Wednesday, July 5
Joltin' Joe has left and gone astray.
Surely I'm not the only one who's realized just how much alike these two guys sound.
I haven't talked much about Joe Lieberman on this blog, mainly because I figured everybody was smart enough to suss out that I highly disapproved of his new chosen role as Bush's lap dog. But permit me to rant for a spell about Lieberman's latest spectacularly ill-advised escapade, an attempt to collect 7,500 signatures on a petition so that he can run as an independent in the event that he loses the Democratic primary to Ned Lamont on August 8.
First of all, it was monumentally stupid for Lieberman to basically admit there's a chance he could lose the primary to a previous unknown. And anyone in the state of Connecticut who can still fog a mirror should quickly recognize Lieberman's insistences that he's still a "loyal Democrat" as being distinctly of the methinks-the-lady-doth-protest-too-much variety, since while Lamont has vowed to support Lieberman in the general election if Lieberman wins the primary, Lieberman obviously never had any intention of doing the same in the event of a Lamont win.
The knee-jerk response to all of this from the conservative wing is "You only care if he's a Democrat; you value party loyalty above everything else." Well, that's some mighty ironic righteous indignation coming from the people who tore Jim Jeffords a new one when he jumped from the GOP back in 2002. But to actually answer that accusation, no, I'm not opposing Joe Lieberman because he's thinking about jumping ship; I'm opposing him because he's wrong. He's wrong as a Democrat, he'd be wrong as an independent, and he'd be wrong as a Republican. And no, I don't value party loyalty above everything else -- I value competent government and a respect for the will of the people above everything else, and it's become clear that Lieberman values neither of those things. His lack of concern for the first is evident in his insistence on supporting every single stupid thing the Bush administration does vis-á-vis the war on terror, no matter how half-assed or misguided, to the point of accusing people of imperiling the country if they dare to criticize the president; his contempt for the second is evident in his apparent willingness to thumb his nose at the Connecticut electorate. If they choose Lamont in the August primary, I don't see how anyone can interpret that as anything other than, "Sorry, Mr. Lieberman, we've decided you're not the person who can best represent us in the Senate"; Lieberman, evidently, intends to respond, "Am so! NYEEEAHH!"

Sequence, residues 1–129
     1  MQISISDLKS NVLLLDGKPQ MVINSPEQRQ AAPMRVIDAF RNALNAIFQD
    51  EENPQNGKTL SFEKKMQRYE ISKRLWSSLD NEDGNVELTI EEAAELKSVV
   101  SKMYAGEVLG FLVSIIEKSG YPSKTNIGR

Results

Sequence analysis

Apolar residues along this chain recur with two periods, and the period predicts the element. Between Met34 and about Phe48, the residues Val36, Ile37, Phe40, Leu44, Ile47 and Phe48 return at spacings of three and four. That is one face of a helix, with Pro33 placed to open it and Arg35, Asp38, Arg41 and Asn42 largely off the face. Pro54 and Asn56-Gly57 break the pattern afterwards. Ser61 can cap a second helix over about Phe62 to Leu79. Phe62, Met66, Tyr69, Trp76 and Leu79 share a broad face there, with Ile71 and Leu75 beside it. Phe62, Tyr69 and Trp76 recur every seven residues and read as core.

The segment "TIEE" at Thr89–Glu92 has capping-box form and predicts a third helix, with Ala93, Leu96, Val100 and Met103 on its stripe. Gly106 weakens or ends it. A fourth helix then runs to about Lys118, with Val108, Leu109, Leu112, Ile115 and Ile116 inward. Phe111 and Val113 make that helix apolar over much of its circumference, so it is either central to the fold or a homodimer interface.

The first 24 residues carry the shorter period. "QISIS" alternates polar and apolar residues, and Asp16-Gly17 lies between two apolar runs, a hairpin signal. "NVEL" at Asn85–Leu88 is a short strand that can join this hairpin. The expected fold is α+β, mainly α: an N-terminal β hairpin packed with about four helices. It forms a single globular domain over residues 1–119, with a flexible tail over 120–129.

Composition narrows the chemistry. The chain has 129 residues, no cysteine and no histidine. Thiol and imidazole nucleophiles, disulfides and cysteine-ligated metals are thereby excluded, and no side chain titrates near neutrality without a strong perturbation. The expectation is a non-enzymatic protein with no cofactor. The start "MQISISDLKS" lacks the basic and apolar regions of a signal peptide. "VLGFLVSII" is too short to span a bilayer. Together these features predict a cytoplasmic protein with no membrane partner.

In short, not unlike John McCain before him, Joe Lieberman is showing all the signs that he's started believing his own press. Trouble is, that press is coming from neocons whose most defining character trait up to this point has been a near-total inability to differentiate their asses from a hole in the ground.